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Women's education and entry into a first union. A simultaneous-hazard comparative analysis of Central and Eastern Europe

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  • Francesco C. Billari
  • Dimiter Philipov

Abstract

The impact of education on women's union formation has long been studied in empirical analyses based on economic and sociological theories. In particular, the literature has shown that the transition to a first union is triggered by the end of education. Mixed evidence has been found on the impact of the level of education. On the other hand, entry into a union usually triggers the end of education. However, the potential endogeneity of educational enrolment and of the timing of union formation has rarely been assessed. In this paper, we use a simultaneous-hazard two-equation model to assess the mutual impact of careers and their potentially common (unobserved) determinants. More specifically, we focus on a yet unstudied institutional setting, namely Central and Eastern European countries. We use micro-data from Fertility and Family Surveys, which refer mainly to the pre-transition period but allow to shed a first light on changes occurring during the transition. Our results for women show that educational enrolment has a key impact on first union formation, but that also the level of education has a substantive impact as expected by Becker's theory. On the other hand, union formation in almost all countries triggers the end of education. Common unobserved determinants of the two careers have a relatively weak importance.

Suggested Citation

  • Francesco C. Billari & Dimiter Philipov, 2004. "Women's education and entry into a first union. A simultaneous-hazard comparative analysis of Central and Eastern Europe," Vienna Yearbook of Population Research, Vienna Institute of Demography (VID) of the Austrian Academy of Sciences in Vienna, vol. 2(1), pages 91-110.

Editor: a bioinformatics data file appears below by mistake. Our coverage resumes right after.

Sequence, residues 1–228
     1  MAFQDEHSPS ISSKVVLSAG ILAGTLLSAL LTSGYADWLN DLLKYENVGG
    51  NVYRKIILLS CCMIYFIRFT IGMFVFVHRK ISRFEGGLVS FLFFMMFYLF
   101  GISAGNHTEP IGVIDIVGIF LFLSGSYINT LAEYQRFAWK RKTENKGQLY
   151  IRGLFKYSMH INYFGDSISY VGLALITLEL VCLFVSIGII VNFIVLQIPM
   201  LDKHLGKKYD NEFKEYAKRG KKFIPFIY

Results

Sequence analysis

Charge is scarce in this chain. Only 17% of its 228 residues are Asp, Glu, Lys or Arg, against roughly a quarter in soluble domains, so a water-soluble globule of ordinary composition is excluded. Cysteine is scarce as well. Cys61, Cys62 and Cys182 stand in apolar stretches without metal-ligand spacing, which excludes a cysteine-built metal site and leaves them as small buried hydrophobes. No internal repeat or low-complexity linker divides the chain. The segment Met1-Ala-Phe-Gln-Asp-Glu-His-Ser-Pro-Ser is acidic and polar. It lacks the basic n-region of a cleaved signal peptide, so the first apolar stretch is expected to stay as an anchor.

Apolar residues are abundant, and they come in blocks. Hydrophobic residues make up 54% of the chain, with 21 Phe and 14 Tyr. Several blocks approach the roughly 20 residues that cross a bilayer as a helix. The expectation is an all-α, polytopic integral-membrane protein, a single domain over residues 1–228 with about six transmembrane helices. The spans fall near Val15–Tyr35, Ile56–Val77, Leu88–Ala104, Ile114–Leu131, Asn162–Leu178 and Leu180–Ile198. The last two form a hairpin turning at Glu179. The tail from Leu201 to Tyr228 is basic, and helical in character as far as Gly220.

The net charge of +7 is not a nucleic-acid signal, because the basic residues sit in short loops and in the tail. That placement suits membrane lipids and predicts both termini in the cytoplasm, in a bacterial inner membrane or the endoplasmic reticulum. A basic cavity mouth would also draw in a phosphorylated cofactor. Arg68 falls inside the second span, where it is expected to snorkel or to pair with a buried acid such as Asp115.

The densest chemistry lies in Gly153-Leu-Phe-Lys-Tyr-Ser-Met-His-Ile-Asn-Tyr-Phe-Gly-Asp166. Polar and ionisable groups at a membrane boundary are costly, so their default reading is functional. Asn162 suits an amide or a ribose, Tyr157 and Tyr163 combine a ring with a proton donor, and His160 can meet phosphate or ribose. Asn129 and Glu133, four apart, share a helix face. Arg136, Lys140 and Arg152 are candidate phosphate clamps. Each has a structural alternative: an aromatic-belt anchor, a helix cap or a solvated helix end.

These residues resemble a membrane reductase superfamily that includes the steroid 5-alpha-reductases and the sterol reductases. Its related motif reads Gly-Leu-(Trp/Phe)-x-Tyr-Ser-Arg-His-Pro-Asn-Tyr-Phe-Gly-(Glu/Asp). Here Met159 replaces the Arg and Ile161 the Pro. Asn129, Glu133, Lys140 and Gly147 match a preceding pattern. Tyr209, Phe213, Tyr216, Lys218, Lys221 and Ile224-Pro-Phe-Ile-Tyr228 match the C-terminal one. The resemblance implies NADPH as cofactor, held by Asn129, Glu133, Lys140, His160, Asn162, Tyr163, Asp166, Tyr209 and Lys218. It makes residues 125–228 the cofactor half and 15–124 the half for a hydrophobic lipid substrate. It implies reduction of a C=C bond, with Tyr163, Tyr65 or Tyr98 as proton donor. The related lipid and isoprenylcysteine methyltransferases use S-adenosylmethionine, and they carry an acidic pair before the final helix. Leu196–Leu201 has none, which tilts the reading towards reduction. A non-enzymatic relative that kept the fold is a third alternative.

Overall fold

• Handle: RePEc:vid:yearbk:v:2:y:2004:i:1:p:91-110
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    1. Boulier, Bryan L & Rosenzweig, Mark R, 1984. "Schooling, Search, and Spouse Selection: Testing Economic Theories of Marriage and Household Behavior," Journal of Political Economy, University of Chicago Press, vol. 92(4), pages 712-732, August.
    2. Debra Friedman & Michael Hechter & Satoshi Kanazawa, 1994. "A theory of the value of children," Demography, Springer;Population Association of America (PAA), vol. 31(3), pages 375-401, August.
    3. Lillard, Lee A., 1993. "Simultaneous equations for hazards : Marriage duration and fertility timing," Journal of Econometrics, Elsevier, vol. 56(1-2), pages 189-217, March.
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    Cited by:

    1. Bilal Barakat & Rachel Durham, 2013. "Drop-out mayors and graduate farmers: Educational fertility differentials by occupational status and industry in six European countries," Demographic Research, Max Planck Institute for Demographic Research, Rostock, Germany, vol. 28(42), pages 1213-1262, June.
    2. Doreen Huschek & Helga A.G. De Valk & Aart C. Liefbroer, 2010. "Timing of first union among second-generation Turks in Europe," Demographic Research, Max Planck Institute for Demographic Research, Rostock, Germany, vol. 22(16), pages 473-504, March.

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